Safe haven sell-off highlights need for non-correlated asset classes
How safe are “safe havens”? Our chart compares the trajectories of gold and 10-year Treasuries alongside equities’ rapid descent.
March 20, 2020 | 1 minute read
As market volatility has become increasingly unrelenting in the past several weeks, many investors have sought shelter from the storm that is currently ravaging global equity markets.
Traditionally in environments like today’s, investors could turn toward safe-haven assets – U.S. Treasury securities and gold among the most common – to protect their portfolio from losses. For the early part of the equity market’s extraordinarily rapid descent into a bear market, U.S. Treasuries and gold held up well.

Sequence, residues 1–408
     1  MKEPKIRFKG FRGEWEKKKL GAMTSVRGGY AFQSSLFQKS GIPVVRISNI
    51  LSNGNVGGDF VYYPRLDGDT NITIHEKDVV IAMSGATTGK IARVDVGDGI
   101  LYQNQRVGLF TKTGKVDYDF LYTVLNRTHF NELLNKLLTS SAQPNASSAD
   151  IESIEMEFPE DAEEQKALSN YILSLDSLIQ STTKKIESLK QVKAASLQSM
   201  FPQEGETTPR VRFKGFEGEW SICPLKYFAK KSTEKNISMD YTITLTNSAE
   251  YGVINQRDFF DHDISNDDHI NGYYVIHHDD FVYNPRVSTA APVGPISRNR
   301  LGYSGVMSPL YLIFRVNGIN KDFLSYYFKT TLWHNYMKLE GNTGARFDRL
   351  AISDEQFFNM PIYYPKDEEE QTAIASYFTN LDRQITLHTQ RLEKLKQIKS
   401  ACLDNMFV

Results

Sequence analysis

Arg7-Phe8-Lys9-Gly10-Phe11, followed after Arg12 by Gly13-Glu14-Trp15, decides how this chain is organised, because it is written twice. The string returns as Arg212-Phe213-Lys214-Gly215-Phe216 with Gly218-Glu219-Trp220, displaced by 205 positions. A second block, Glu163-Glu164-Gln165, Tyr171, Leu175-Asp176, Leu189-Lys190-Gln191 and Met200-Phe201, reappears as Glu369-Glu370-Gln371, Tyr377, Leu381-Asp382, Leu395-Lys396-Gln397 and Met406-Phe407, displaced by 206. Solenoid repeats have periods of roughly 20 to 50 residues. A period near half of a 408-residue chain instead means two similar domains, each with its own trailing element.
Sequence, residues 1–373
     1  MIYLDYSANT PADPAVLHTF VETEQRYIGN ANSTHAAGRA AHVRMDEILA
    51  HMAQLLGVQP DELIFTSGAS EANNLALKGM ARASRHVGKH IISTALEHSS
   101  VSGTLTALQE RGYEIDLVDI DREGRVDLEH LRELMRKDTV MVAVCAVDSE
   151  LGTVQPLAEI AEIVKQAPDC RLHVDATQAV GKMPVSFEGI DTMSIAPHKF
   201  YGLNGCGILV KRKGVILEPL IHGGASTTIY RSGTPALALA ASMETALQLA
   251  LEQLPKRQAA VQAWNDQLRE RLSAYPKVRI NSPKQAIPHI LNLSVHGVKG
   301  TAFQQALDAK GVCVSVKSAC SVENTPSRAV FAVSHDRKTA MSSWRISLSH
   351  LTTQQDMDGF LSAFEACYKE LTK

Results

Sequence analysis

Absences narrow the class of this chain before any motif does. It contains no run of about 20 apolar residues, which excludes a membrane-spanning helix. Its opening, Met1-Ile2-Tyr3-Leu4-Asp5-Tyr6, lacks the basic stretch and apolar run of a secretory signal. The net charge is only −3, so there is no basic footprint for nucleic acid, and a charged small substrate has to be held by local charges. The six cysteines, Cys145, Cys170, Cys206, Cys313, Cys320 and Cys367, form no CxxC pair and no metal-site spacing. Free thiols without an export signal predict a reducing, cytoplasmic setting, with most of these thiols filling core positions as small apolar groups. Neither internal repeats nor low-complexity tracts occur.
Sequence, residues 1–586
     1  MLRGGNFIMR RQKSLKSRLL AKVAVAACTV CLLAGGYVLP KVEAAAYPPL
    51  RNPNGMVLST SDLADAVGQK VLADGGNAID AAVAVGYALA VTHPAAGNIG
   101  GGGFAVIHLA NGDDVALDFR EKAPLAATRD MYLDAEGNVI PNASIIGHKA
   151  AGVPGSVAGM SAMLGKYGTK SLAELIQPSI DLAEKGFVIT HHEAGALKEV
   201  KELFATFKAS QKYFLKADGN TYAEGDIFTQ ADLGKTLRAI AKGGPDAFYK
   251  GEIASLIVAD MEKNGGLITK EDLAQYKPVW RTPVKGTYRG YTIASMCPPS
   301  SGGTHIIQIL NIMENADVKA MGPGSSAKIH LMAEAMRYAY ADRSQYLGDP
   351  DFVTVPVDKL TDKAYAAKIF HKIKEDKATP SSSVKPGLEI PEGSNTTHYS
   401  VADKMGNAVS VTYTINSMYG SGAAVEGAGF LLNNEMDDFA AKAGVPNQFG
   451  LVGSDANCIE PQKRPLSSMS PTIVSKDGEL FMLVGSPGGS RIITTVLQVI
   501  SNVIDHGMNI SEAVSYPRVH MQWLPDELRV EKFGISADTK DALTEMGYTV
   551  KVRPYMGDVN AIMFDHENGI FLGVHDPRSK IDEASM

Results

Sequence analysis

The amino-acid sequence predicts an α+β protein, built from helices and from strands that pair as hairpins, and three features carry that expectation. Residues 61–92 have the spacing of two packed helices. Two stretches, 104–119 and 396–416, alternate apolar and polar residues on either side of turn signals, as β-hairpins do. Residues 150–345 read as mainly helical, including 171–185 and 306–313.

The S&P 500 has fallen nearly 30% after hitting a new all-time high on February 19. And in the ensuing approximately two weeks, for example, gold continued to climb modestly while the 10-year U.S. Treasury yield plumbed historic new lows. (Remember that bond prices rise as yields fall.)
As the chart highlights, however, both asset classes have begun to sustain losses along with stocks in recent weeks. Gold prices have fallen nearly 11% since March 6 whereas the 10-year yield has more than doubled since March 9 – from 0.54% to 1.18%.
Correlated sell-offs across many markets, as we are witnessing today and largely witnessed throughout the global financial crisis, highlight the importance of incorporating a wide range of alternative asset classes to help diversify a portfolio, particularly during periods of market stress.